Jan 27

It has often been noted that law schools provide little preparation for the nitty gritty of real-life practice.  Over the years, I have met individually at LCL with so many new lawyers who are losing sleep and feeling tied up in knots as they do their best to handle their work competently.

 

New lawyers working in large law firms, though often well compensated, speak of unrelenting pressure to produce, for partners who in many cases are much more forthcoming with criticism than with direction or encouragement, in a highly competitive environment.  Novice attorneys in legal aid settings, while able to feel good about helping impoverished and disempowered clients, may find themselves overwhelmed by the need to grapple with many different kinds of cases (simultaneously, and providing supervision may become a secondary concern in an agency already straining to meet the needs of its clientele.   And lawyers fending for themselves in solo practice have the additional pressure to market themselves and make enough money to get by even as they attempt to quickly acquire the necessary practical knowledge.

 

New attorneys working in all these settings often report feeling flooded, exhausted, and anxious.  They typically wrestle with a strong and perhaps inevitable sense of “faking it,” needing to present a confident façade while asking themselves, “What the heck am I supposed to do now?”   Many question whether they have chosen the wrong profession.  While various bar associations offer “mentoring” programs, actually accessing assistance seems to be difficult.  The predicament is compounded by the fact that they may have little time to seek or make use of helpful resources, that they work in a competitive world, and that it seems counterproductive to show vulnerability or uncertainty in the professional sphere.

 

I have been thinking about offering a support group (either in person here at our Boston office or online) for new lawyers coping with these pressures.  Such a group would be confidential, with no need to put on a front and the opportunity to speak in a genuine way.  If nothing else, it could decrease the sense of being alone with these stresses; optimally, the participants could not only provide support but potentially offer partial solutions to one another as they, like so many before them, make their way through a trying life transition.  The very good question that some of my colleagues have raised, though, is whether new lawyers can possibly carve out the time when they already feel like there are too few hours in the day to keep up.  If you even think there is a possibility you would like and could manage this kind of discussion/support group, please email me (drjeff@lclma.org).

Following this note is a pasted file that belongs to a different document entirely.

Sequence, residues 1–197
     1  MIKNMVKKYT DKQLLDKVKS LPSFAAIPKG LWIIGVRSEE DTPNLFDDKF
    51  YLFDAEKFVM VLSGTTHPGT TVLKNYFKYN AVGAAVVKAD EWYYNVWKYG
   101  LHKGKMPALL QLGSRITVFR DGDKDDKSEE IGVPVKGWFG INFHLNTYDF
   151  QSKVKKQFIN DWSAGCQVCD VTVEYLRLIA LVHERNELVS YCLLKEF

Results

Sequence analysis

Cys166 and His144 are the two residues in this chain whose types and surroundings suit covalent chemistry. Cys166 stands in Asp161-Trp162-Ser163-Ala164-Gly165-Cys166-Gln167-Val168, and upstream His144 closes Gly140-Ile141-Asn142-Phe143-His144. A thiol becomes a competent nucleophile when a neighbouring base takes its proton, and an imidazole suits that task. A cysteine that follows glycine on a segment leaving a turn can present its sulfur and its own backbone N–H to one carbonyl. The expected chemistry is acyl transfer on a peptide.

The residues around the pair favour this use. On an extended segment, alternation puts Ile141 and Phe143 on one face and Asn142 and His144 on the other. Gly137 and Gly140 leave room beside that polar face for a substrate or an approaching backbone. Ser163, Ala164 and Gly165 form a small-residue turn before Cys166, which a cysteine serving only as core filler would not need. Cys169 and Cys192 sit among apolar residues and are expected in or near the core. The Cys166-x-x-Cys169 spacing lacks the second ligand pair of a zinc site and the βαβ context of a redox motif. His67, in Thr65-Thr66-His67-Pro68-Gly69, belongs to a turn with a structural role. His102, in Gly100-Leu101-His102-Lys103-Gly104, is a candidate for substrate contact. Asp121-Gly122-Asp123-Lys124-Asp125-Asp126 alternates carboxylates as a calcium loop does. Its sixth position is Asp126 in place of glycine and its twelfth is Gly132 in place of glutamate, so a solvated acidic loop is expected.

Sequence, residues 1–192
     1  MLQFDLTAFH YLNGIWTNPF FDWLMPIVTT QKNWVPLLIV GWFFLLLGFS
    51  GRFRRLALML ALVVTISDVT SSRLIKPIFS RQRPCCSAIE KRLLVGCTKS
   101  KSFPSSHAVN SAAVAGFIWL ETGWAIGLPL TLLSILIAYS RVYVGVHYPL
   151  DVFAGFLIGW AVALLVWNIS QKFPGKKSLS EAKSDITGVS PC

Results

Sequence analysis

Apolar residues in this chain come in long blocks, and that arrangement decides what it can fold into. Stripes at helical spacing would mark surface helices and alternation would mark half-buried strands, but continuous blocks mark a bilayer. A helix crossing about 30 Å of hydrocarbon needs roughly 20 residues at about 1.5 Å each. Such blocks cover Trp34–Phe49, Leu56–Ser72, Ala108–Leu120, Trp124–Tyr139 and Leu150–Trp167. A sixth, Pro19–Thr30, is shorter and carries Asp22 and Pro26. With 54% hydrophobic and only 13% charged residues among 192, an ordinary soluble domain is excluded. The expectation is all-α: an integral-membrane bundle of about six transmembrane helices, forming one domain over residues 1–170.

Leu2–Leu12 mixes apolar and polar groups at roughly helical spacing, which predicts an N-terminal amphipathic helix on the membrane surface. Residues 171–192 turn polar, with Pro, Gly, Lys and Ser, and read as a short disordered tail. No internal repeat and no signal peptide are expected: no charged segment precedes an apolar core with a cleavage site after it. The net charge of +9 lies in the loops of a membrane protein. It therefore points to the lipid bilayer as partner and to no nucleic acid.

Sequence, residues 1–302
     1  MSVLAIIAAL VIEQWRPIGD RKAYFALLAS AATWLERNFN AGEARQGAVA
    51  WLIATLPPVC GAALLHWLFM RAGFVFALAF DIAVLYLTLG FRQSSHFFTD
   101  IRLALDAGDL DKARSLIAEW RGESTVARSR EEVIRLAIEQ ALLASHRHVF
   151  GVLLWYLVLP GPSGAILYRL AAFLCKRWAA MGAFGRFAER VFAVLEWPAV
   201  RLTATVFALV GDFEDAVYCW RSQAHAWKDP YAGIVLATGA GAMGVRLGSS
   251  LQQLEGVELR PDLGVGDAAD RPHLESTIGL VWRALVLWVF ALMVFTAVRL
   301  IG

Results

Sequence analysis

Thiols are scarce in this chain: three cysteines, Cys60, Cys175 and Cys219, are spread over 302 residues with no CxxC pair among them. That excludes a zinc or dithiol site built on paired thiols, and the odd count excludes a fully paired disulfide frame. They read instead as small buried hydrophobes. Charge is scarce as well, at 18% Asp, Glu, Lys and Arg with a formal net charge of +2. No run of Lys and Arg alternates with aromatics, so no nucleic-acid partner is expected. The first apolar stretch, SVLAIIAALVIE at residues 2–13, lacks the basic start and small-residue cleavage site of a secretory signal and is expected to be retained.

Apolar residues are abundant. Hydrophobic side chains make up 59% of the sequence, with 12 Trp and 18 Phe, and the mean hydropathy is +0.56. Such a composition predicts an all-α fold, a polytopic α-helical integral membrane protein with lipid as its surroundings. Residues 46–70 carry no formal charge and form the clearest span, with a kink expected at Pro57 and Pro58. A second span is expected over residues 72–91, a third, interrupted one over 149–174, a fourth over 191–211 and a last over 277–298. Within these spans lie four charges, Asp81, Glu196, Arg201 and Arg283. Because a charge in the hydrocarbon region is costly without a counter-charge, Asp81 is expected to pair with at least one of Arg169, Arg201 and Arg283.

Maybe you are a formerly new attorney who has constructive suggestions for those just entering the field.  Really, if I get a bunch of stories about ways people have found to get through the first few years, I would love to put these ideas into an article to distribute to new lawyers.  Again, if you have any thoughts to share, please email me (drjeff@lclma.org).  (If anyone feels the need to be anonymous, you can submit an anonymous email by using the “anonymous question” link on our website’s “Q&A” page.  Either way, I look forward to hearing from you.

 

Jeff Fortgang, Ph.D.

 

 

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